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Society For Risk Analysis Annual Meeting 2009

Risk Analysis: The Evolution of a Science

Session Schedule & Abstracts


* Disclaimer: All presentations represent the views of the authors, and not the organizations that support their research. Please apply the standard disclaimer that any opinions, findings, and conclusions or recommendations in abstracts, posters, and presentations at the meeting are those of the authors and do not necessarily reflect the views of any other organization or agency. Meeting attendees and authors should be aware that this disclaimer is intended to apply to all abstracts contained in this document. Authors who wish to emphasize this disclaimer should do so in their presentation or poster. In an effort to make the abstracts as concise as possible and easy for meeting participants to read, the abstracts have been formatted such that they exclude references to papers, affiliations, and/or funding sources. Authors who wish to provide attendees with this information should do so in their presentation or poster.

Common abbreviations

M2-G
Identifying, Assessing, Managing, and Minimizing Risks from Emerging Contaminants Sponsored by DARSG

Room: Fells Point   10:30 AM-Noon

Chair(s): Steve Gibb



M2-G.1  10:30  Managing EC Risks: Using EC Assessments to Target Risk Management Options. Cunniff SE, Yaroschak PJ*; Office of the Deputy Under Secretary of Defense; Department of Defense   shannon.cunniff@osd.mil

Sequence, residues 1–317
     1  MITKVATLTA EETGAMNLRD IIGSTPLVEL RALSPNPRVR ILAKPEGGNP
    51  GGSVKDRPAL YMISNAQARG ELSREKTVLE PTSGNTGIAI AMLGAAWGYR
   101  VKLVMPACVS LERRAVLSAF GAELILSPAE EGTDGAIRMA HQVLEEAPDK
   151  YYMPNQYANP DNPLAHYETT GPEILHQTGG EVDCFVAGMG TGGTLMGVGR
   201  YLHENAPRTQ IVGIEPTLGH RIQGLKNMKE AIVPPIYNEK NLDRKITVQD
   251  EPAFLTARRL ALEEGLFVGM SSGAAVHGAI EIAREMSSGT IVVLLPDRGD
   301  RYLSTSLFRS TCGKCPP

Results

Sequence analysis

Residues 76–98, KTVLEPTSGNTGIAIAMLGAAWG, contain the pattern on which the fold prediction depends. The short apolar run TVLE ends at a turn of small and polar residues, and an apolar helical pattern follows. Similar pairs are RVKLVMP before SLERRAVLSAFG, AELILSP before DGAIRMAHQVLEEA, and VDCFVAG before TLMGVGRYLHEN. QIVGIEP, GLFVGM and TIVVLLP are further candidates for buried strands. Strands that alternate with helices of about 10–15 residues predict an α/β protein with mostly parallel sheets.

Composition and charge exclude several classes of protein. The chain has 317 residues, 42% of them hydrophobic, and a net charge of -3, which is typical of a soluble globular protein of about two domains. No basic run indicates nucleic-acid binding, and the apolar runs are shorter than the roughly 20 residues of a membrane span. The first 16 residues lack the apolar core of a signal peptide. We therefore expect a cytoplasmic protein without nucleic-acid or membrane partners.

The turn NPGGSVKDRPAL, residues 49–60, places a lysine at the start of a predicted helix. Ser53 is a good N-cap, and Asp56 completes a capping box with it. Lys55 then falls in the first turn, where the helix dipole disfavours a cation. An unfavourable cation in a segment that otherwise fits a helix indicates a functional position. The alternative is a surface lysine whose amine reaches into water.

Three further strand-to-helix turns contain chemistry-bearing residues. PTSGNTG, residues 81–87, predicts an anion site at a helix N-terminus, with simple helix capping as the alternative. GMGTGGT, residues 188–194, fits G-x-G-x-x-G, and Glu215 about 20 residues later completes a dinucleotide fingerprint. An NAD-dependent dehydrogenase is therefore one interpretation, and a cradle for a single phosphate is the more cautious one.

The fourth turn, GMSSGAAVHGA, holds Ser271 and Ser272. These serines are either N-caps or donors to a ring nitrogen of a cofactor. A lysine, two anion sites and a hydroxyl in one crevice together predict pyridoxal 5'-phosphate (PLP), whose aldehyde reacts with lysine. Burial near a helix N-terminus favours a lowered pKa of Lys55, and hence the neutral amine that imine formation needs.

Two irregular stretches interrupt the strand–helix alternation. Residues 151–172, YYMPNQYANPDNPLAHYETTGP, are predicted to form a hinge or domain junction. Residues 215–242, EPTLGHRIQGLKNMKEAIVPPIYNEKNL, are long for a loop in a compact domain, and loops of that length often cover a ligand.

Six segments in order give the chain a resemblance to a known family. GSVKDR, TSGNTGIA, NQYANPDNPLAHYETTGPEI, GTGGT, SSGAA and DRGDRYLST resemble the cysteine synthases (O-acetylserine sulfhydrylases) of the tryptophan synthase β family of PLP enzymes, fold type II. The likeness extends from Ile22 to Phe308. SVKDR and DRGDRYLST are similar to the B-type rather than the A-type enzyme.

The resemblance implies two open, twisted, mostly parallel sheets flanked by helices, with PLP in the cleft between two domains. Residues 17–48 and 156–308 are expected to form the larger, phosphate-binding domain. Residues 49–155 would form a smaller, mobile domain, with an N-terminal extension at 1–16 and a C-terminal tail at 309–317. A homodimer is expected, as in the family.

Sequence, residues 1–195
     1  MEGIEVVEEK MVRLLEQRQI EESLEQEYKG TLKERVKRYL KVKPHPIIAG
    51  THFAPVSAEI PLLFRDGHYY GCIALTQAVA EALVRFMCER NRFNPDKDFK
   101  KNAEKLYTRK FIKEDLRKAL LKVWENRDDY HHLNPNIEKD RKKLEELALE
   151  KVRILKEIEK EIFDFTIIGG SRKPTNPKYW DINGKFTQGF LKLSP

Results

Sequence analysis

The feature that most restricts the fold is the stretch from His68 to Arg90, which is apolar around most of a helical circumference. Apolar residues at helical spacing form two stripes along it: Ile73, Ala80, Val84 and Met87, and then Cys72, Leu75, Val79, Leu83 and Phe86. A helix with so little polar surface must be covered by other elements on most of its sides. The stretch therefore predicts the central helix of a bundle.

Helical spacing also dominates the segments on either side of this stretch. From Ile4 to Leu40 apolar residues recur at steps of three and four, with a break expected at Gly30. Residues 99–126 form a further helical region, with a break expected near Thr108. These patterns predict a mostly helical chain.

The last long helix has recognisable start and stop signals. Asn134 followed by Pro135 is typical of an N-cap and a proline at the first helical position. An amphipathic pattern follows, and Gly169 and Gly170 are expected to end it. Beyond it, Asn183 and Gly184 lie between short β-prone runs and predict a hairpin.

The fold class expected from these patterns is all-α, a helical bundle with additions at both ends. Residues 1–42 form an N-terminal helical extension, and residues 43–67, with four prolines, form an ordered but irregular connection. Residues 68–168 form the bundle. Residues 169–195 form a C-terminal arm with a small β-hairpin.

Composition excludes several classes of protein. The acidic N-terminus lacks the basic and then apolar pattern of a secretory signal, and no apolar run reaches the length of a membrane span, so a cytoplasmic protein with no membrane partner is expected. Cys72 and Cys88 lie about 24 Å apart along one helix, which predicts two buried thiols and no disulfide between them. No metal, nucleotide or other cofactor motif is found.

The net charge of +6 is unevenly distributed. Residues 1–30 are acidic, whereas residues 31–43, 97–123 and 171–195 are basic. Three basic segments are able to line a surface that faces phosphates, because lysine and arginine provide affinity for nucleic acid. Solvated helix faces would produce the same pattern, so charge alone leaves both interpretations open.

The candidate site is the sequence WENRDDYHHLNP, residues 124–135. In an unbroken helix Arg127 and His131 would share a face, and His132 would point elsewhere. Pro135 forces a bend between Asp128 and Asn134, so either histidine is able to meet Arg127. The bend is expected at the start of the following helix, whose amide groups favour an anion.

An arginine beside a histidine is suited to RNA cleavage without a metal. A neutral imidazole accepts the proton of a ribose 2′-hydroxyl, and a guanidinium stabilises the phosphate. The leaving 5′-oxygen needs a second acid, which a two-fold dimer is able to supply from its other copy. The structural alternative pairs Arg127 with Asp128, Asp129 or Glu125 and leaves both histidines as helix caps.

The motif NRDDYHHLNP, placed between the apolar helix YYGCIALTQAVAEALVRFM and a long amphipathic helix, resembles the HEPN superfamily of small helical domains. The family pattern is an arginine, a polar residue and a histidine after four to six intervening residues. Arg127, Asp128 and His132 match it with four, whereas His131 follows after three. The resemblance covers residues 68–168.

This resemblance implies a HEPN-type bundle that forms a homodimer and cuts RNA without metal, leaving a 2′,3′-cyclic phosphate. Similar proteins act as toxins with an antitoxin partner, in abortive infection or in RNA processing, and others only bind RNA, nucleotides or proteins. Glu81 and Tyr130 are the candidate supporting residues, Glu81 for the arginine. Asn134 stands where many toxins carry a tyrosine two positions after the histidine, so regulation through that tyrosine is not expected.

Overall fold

Abstract: The new Chemical and Materials Risk Management office focuses on protecting people and readiness by managing risks from emerging contaminants and known hazardous materials used by the Department of Defense (DoD). Its Scan – Watch – Action Process first identifies chemicals of interest to DoD, then assesses the environmental, safety, health and mission risks associated with likely regulatory shifts, and finally develops options to best manage the highest risks. Development of risk management options involves careful consideration of the technical feasibility, costs and benefits, payback period, likelihood of acceptance and implementation, and identification of an “owner”. After considerable evaluation and vetting, risk management options are presented to an enterprise board for endorsement. Numerous risk management measures have been developed, approved, and are underway. Engineered nanomaterials, perchlorate, RDX, hexavalent chromium, beryllium, and naphthalene are among the chemicals for which DoD has taken risk management actions in advance of foreseen shifts in regulation. This presentation will cover current efforts to manage chemical-specific risks. Additionally, a few broader (i.e., not chemical specific) efforts by the Department to manage its chemical and material risks will also be highlighted.

M2-G.2  10:50  Scanning the Universe for Emerging Contaminants and What Happens Next. Hutchens SL*; Department of Defense   sherri.hutchens@us.army.mil